The Japanese Bobtail is a small domestic cat native to Japan and Southeast Asia, though it is now found throughout the world. The breed has been known in Japan for centuries, and there are many stories, as well as pieces of ancient art, featuring it.
Japanese bobtails may have almost any color, but or bi-colors are especially favoured by the Japanese. Much like any other breed, the colors may be arranged in any number of patterns, with van and calico being common among purebred cats, though other colorations are also accepted.
The earliest written evidence of cats in Japan indicates that they arrived from China at least 1,000 years ago. In 1602, Japanese authorities decreed that all cats should be set free to help deal with rodents threatening the silk-worms. Buying or selling cats was illegal, and from then on, bobtailed cats lived on farms and in the streets. Japanese Bobtails thus became the "street cats" of Japan.
The Japanese Bobtail is mentioned in Kaempfer's Japan. First published in London in 1701/02, it is the first book written by a Westerner about the flora, fauna, and landscape of Japan. Engelbert Kaempfer, a German doctor, wrote: "there is only one breed of cat that is kept. It has large patches of yellow, black and white fur; its short tail looks like it has been bent and broken. It has no mind to hunt for rats and mice but just wants to be carried and stroked by women."
The maneki-neko ("beckoning cat"), a Japanese Bobtail seated with one paw raised, is considered a good-luck charm. A maneki-neko statue is often found in the front of stores or homes. In 1968 the late Elizabeth Freret imported the first three Japanese Bobtails to the United States from Japan. Japanese Bobtails were accepted for Championship status in CFA (Cat Fanciers Association) in 1976. In 2001 the first registered litter of Japanese Bobtails was born in the UK under the Solstans prefix.
There is a legend in Japan about why the Japanese Bobtail lost its tail. It states that a cat was warming itself too close to a fire, and set its tail on fire. It then ran through the town, burning many buildings to the ground. As punishment, the Emperor decreed that all cats should have their tails cut off.
Bobtails could have also surged after the legend of the bakeneko, or nekomata, a cat that when its tail grew too much, became a double-tail. The cat would get powers such as talking, walking on its back legs, and shapeshifting. The bakeneko could cause massive disturbances and even resurrect dead people. Japanese people may have started cutting their cat's tails to avoid them becoming a bakeneko.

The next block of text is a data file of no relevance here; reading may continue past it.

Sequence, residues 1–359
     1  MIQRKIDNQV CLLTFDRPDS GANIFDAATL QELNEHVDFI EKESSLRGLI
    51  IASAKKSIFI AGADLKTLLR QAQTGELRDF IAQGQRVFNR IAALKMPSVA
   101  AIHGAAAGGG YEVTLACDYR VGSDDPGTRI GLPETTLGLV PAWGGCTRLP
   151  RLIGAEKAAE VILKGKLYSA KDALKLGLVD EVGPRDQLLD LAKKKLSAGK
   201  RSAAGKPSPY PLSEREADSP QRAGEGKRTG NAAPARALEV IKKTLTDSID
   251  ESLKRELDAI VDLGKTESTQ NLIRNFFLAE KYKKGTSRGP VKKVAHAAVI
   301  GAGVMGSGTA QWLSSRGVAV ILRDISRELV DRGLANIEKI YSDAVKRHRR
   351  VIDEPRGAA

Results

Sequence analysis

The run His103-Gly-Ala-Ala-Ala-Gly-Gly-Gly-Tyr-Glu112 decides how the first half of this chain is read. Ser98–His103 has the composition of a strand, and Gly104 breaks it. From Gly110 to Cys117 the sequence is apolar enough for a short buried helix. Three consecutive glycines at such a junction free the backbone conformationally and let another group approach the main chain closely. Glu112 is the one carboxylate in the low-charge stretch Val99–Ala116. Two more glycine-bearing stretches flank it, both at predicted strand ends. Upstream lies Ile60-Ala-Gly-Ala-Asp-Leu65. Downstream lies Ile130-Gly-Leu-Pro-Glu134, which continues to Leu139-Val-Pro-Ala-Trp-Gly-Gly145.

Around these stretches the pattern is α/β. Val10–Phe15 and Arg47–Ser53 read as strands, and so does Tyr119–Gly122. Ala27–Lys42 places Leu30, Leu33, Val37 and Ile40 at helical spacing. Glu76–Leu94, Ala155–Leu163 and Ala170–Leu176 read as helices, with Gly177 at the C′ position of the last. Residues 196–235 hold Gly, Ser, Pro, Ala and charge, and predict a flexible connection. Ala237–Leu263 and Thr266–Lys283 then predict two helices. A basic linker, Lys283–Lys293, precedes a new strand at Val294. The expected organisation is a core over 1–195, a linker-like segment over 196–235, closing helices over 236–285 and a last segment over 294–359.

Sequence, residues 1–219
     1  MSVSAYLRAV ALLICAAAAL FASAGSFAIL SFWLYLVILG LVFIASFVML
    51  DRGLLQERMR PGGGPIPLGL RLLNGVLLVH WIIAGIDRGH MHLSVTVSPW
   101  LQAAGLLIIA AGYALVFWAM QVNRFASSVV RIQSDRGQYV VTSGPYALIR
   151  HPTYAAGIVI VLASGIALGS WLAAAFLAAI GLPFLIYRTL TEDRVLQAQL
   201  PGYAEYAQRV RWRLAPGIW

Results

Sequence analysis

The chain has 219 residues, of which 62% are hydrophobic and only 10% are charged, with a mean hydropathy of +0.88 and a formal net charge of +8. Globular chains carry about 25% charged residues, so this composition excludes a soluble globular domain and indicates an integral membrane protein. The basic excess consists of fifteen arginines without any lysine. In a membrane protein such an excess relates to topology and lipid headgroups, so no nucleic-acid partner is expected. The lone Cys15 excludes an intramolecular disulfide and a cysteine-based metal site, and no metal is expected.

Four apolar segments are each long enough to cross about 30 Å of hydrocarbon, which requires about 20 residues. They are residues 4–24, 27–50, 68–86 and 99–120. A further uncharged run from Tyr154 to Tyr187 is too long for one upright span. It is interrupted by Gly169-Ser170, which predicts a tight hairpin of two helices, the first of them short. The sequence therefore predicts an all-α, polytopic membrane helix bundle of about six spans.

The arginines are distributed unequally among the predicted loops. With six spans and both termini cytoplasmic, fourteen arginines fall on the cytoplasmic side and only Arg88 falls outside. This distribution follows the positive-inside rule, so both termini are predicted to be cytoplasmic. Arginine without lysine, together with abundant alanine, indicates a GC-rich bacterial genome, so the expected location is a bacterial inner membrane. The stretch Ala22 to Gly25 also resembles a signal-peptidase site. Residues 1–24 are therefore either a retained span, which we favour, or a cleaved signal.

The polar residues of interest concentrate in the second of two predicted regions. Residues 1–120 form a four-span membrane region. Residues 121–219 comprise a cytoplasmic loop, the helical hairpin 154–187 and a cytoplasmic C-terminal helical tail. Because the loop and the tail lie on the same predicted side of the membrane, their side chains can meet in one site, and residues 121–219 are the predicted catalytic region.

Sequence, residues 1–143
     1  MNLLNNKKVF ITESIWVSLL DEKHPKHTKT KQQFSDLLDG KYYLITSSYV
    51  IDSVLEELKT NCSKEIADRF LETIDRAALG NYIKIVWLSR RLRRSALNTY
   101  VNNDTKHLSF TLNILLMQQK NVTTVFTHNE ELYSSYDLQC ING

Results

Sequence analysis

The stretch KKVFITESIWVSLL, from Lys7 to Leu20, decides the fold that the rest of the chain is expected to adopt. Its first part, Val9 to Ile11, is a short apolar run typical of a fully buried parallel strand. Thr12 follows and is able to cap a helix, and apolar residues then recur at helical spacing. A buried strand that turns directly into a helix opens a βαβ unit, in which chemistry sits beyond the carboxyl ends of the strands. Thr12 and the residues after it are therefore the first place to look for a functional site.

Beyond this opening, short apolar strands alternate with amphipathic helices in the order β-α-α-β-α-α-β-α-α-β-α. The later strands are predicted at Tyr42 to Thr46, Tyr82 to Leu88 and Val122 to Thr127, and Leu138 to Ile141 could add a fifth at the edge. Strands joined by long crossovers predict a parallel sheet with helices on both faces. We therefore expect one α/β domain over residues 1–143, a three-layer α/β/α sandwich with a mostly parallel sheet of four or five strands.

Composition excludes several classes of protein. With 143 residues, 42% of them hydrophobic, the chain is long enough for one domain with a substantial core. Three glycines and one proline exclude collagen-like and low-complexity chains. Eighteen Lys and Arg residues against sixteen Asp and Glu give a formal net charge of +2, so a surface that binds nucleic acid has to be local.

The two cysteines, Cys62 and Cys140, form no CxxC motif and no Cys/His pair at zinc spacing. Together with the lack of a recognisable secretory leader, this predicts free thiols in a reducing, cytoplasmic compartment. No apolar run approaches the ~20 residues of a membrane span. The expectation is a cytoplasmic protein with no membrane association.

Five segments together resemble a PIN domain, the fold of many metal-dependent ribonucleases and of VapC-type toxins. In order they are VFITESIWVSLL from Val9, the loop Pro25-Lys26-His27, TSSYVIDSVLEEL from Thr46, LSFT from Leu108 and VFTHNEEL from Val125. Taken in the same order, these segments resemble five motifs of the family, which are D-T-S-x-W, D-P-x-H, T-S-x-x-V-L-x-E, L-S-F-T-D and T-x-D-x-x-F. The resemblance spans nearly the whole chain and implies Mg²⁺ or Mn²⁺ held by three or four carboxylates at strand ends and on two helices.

Another legend relating to Japanese Bobtails is the following story: At the beginning of Edo period (17th century), there was a rundown temple in Setagaya, western part of Tokyo. The priest of the temple kept a pet cat, named Tama, and he sometimes complained to Tama about his poor situation: "Tama, I'm keeping you in spite of my poverty. So couldn't you do something for this temple?"
One day, Naotaka Ii, who was the lord of Hikone district (western part of Japan near Kyoto), was caught in a rain shower near the temple on his way home from hunting. While avoiding the rain under a big tree in front of the temple, Naotaka noticed that a cat was inviting him to the temple gate. As soon as he left the tree after being beckoned by the cat's gesture, the tree was struck by lighting. The cat, which proved to be Tama, saved Naotaka’s life.
Following the incident, Naotaka became closer to the priest of the temple. The rundown temple was appointed to be the Ii's family temple, and changed its name to Goutokuji. As a result of being backed by the Ii clan, Goutokuji became prosperous. Tama saved Naotaka from lighting, and saved the temple from its poverty at the same time.
After its death, Tama was buried at Goutokuji's cat cemetery with all due respect, and Manekineko was invented to commemorate Tama.
Links to breed standard:
Japanese Bobtails usually have litters of three to four kittens with newborns that are unusually large compared to other breeds. They are active earlier, and walk earlier. Affectionate and generally sweet-tempered, they enjoy supervising household chores and baby-sitting. They are active, intelligent, talkative cats with a well-defined sense of family life. Their soft voices are capable of nearly a whole scale of tones; some people say they sing. Since they adore human companionship they almost always speak when spoken to, and sometimes carry on "conversations" with their owners. Because of their human-oriented personality they are easy to teach tricks and enjoy learning things like walking on a harness and lead, and playing fetch.
A similar breed of cat is in development in the United States as breeders attempt to perfect the "American Bobtail Cat" that would have a tail half the length of other breeds, though there has not been definitive progress in getting a new breed recognized yet.
While rare, Japanese Bobtails, especially predominantly white specimens, are more likely than other breeds to express heterochromia, or differing iris colors. One eye will be blue while the other is yellow (though in Japan, blue is referred to as silver while yellow is referred to as gold). This trait is popular and kittens displaying this "odd-eye" feature are usually more expensive.